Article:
In the post ‘Radical Thinking: What You Can Learn From the Timeless Philosophy of Socrates’ written by Tejvan Pettinger, we are provided with some wise advice on how we can use the most important components of the philosophy of Socrates, and apply his principles to positive affect in our daily lives.
Following is an excerpt from the aforementioned post,
During his lifetime Socrates wrote nothing down. Yet his wisdom has formed the bedrock of western philosophy. Socrates was viewed as a great teacher. But he did not claim to be a teacher. In fact, he frequently said ‘all I know is that I know nothing’. By all accounts Socrates was both poor and ugly. Yet in a society that placed tremendous value on beauty and wealth, people of all classes were magnetically drawn to his teachings and enigmatic personality.As he wrote nothing down, there is some dispute about what Socrates actually said. But, from the writings of Plato and others, we can gain a few glimpses into the character and ideals of this ancient sage and unique philosopher.
The Socratic Dialogue
Perhaps the most arresting feature of Socrates’ legacy is his unique method of teaching and arriving at the truth. Socrates didn’t claim the truth is this or the truth is that. He sought to question students in a way that would lead them to arrive at the truth themselves. Socrates frequently claimed to know nothing. Yet, if Socrates knew nothing, why were people so eager to hear him talk? The reason was that Socrates was able to make people reconsider their own ingrained ideas; Socrates had a way of making people think for themselves and consider truth from different angles.This method of conversation incurred the ire of some people; they were not happy that Socrates was able to show the limitations of their thinking. Yet, the genius of the Socratic method was that he never had to directly tell people their inadequacies; they came to realise it themselves.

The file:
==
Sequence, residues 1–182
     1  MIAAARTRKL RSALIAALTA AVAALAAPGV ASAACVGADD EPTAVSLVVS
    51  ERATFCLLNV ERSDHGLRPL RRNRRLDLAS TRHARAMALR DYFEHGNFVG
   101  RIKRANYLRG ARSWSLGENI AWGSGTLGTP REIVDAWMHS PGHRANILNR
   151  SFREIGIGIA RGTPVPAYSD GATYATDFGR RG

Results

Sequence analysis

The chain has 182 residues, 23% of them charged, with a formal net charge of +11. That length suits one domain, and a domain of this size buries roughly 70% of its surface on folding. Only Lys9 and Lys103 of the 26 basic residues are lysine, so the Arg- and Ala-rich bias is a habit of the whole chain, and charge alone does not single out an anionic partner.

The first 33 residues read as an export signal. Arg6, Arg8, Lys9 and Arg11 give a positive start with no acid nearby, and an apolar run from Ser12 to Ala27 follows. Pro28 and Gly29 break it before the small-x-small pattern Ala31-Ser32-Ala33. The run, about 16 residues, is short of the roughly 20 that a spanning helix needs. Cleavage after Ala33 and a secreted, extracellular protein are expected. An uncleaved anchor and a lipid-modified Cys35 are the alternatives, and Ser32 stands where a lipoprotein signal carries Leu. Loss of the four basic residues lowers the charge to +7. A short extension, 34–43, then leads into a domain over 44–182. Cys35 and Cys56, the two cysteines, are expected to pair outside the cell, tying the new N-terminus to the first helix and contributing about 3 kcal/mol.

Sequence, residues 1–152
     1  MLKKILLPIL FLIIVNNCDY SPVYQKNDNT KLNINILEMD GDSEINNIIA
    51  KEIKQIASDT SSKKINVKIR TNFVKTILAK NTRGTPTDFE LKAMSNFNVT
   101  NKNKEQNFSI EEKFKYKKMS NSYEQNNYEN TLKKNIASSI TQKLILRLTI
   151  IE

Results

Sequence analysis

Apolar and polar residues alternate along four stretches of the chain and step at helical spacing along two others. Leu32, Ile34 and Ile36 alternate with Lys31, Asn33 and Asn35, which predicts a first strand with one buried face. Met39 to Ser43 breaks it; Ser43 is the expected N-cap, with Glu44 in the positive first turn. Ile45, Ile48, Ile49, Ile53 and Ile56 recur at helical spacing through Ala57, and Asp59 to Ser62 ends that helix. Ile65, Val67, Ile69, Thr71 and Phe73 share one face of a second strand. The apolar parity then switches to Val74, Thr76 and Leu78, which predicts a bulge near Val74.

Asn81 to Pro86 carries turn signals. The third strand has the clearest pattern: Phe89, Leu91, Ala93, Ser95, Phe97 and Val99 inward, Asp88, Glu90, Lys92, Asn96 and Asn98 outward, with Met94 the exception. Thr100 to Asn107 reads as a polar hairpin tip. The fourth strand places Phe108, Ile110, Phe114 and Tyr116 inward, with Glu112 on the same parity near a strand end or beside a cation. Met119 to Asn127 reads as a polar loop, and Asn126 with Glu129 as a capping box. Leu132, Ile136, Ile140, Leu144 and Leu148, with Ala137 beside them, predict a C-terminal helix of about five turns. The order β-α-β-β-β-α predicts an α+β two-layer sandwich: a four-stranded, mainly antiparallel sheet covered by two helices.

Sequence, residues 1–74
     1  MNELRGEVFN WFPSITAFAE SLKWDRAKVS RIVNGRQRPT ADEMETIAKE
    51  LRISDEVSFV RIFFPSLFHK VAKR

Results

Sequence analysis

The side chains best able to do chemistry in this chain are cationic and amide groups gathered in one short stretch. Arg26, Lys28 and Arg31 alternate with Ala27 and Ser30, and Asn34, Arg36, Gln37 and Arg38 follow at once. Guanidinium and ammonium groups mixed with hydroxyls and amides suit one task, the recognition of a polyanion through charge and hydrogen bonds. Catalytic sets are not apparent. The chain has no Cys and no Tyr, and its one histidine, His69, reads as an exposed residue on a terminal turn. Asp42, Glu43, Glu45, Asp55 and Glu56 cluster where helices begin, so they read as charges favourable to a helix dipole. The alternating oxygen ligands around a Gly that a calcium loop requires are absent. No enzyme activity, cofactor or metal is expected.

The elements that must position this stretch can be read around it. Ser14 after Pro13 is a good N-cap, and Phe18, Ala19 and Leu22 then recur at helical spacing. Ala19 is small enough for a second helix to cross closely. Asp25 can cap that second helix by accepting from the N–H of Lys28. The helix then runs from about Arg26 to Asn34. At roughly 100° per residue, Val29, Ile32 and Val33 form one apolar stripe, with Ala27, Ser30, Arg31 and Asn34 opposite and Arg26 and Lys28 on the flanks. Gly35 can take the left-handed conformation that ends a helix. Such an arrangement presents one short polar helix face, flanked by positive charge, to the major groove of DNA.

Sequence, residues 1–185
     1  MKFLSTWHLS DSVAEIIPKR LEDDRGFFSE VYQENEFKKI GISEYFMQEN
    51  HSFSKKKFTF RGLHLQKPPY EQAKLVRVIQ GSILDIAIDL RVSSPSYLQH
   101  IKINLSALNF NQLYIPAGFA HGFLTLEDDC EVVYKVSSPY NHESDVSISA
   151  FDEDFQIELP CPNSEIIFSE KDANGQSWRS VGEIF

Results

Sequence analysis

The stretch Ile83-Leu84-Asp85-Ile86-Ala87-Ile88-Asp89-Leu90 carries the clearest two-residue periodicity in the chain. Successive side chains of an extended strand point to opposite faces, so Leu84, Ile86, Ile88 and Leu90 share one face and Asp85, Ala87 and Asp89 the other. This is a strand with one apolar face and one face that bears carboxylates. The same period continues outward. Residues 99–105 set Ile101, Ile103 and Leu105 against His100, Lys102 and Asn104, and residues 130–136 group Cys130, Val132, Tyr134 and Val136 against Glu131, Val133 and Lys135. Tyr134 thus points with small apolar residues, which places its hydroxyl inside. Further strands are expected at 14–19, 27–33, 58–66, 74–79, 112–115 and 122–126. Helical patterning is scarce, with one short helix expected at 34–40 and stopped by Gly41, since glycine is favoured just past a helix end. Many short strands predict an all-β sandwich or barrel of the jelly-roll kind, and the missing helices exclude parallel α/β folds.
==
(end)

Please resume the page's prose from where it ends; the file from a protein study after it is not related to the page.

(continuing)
Independence of Thought
One of Socrates most admired traits was that he did not follow popular opinion. He questioned every orthodox belief and decided independently if it was worth pursuing. Socrates looked at issues from both perspectives; he did not allow himself to be tied down by religious, political, or social conventions.This independence of thought and mind was particularly powerful given the forces of conformity predominant in Greek society. The importance he placed on independence of thought can be seen by his response to his trial and death. Socrates had numerous opportunities to flee; however, he didn’t wish to flee — he felt that escape would weaken his philosophic independence.Socrates was also non dogmatic; he had friends with both Oligarchs and Democrats. At the same time, he had enemies in both parties; Socrates would never moderate his words to curry favour with others.
Interest in the Welfare of Others?
Socrates spent most of his time wandering the streets of Athens, talking with people interested in discovering more about life. Socrates was a great teacher, because ironically he didn’t have an agenda to teach. He was not interested in imparting a certain dogma or attracting followers. He wanted people to think for themselves and consider the real nature of life and truth. As Socrates said to one student.”If you take my advice, you will give but little thought to Socrates but much more to the truth.” Socrates was not just a great talker, but also a great listener. It is this balance which set him apart from ordinary teachers who want only to lecture others.
Please take the time to read the rest of Tejvan’s excellent and useful post ‘Radical Thinking: What You Can Learn From the Timeless Philosophy of Socrates’, as it offers some great Socratic advice for getting you started in improving yourselves in life.